Illegal hunting, power lines and domestic cats are decimating the gray teal, an iconic duck in the southeast peninsula’s wetlands that is in danger of extinction. A study carried out by a group of researchers from the University of Alicante (UA), the Miguel Hernández University (UMH) in Elche and IMEDEA, a joint center of the CSIC and the University of the Balearic Islands, concluded that, if it will not decrease to at least 40% of the unnatural mortality of this species, the gray teal recovery programs in Spain will fail.As the researchers explain, in Spain a lot of media attention is given to endangered species such as the Iberian lynx, brown bear or imperial eagle. However, the seven species that are in critical danger of extinction, that is, those that have an imminent risk of extinction, are not well known. These species include two birds, two mammals, one plant, and two mollusks.
Among them is a duck, the gray teal. This species, considered the most endangered duck in Europe, almost disappeared a decade ago, when only a few dozen breeding pairs were found in the area around Doñana and in the wetlands south of Alicante. To reverse this situation, the Autonomous Communities and the central government have taken various conservation actions, including a recovery program with the release of specimens bred in captivity. Thanks to this program, more than three thousand individuals have been released in recent years, but despite this, gray teal populations have not improved as expected.
With the purpose of evaluating the effectiveness of the recovery program, researchers from the Ecology Area of UMH, in collaboration with researchers from the UA and IMEDEA-CSIC-UIB, conducted a study that allowed us to find out survival. of individuals released in the Valencian Community, identifying the main causes of mortality and, finally, evaluating the future survival of the species. For this, the data provided by the sightings of ringing individuals has been key, as well as the data collected through GPS devices with which more than 40 specimens have been equipped recently years.The results of the study show that mortality from unnatural causes, such as illegal hunting, collision with power lines or theft of cats, triples the natural mortality. Illegal hunting, either due to errors in recognizing legal hunting days or due to poaching, prevails as the most significant cause of species mortality, as it affects one of the three indicators specimens, both captive and wild specimens. To determine the causes of mortality, the use of GPS devices is essential, as it makes it possible to accurately identify the place and day of death. Unfortunately, 50% of GPS devices stop sending data unexpectedly. Researchers suspect that this may be due to illegal hunting, because 70% of these devices suddenly stop working when the bird is inside a preserve. In addition, the results warn that the presence of domestic cats in wetlands is an emerging threat that needs to be addressed carefully because cases of theft of these cats have been detected, which can cause great losses.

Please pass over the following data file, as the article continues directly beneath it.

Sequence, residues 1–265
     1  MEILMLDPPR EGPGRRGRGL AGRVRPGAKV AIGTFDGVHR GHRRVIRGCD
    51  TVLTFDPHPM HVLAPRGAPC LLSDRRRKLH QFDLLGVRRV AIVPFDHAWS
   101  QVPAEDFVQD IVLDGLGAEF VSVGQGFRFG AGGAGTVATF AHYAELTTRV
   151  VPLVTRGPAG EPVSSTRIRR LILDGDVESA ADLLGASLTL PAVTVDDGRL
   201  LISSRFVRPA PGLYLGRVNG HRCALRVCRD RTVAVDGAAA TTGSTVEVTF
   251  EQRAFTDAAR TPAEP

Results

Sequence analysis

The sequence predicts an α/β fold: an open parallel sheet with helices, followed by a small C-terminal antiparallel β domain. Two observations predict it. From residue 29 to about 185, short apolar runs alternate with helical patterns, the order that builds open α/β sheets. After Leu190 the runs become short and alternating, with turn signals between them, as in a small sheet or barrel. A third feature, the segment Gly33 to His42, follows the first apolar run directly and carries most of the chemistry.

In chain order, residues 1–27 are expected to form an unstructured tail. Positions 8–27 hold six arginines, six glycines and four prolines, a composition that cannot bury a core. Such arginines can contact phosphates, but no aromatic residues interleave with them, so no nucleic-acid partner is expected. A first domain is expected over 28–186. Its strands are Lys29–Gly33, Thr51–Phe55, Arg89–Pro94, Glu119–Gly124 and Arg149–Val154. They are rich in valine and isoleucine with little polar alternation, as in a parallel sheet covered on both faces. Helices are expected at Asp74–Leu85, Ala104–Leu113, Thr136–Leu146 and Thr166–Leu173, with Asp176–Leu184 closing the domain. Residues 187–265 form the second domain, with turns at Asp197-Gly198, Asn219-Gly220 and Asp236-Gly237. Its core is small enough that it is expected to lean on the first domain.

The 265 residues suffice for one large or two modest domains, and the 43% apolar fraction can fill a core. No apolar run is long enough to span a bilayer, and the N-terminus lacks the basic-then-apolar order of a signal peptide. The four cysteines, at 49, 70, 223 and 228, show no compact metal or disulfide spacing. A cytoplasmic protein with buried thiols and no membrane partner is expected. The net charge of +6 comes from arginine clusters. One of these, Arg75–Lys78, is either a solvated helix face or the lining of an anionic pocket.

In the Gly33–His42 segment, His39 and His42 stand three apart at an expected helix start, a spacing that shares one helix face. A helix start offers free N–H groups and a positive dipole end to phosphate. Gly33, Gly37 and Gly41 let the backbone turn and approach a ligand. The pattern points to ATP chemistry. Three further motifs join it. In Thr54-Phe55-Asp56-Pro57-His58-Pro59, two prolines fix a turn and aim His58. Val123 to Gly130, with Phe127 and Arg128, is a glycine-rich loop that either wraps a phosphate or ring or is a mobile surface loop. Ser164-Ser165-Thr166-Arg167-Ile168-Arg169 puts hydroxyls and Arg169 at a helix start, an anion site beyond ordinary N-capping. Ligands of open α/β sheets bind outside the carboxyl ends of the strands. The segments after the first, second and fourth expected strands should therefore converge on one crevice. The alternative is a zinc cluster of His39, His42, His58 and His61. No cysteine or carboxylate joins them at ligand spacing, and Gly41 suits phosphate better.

Roberto Rodríguez Caro and Esther Sebastián González are the two researchers from the UA Department of Ecology who participated in the study. Pérez García points out that “there are many specimens released in recovery programs, but they cannot establish themselves because the mortality rate is very high.” Analyzes show that the unnatural mortality of these birds must be reduced by 40% to recover the populations. To achieve this, the authors suggest some urgent measures that include banning the hunting of waterfowl during hours with poor visibility to avoid confusion and accidental deaths of non-gamekeepers. species, increasing poaching prosecution, controlling exotic predators in wetlands, and improving management. in water to reduce outbreaks of diseases such as botulism.
The researchers also indicated that some improvements could be made in recovery programs based on captive breeding and release. They suggest that the strategy of delaying the release of captive birds until the end of the hunting season may have negative long-term effects, by increasing people’s habituation and reliance on predictable sources of food Finally, they make recommendations to reduce captivity and provide anti-predator training to birds released from breeding cages.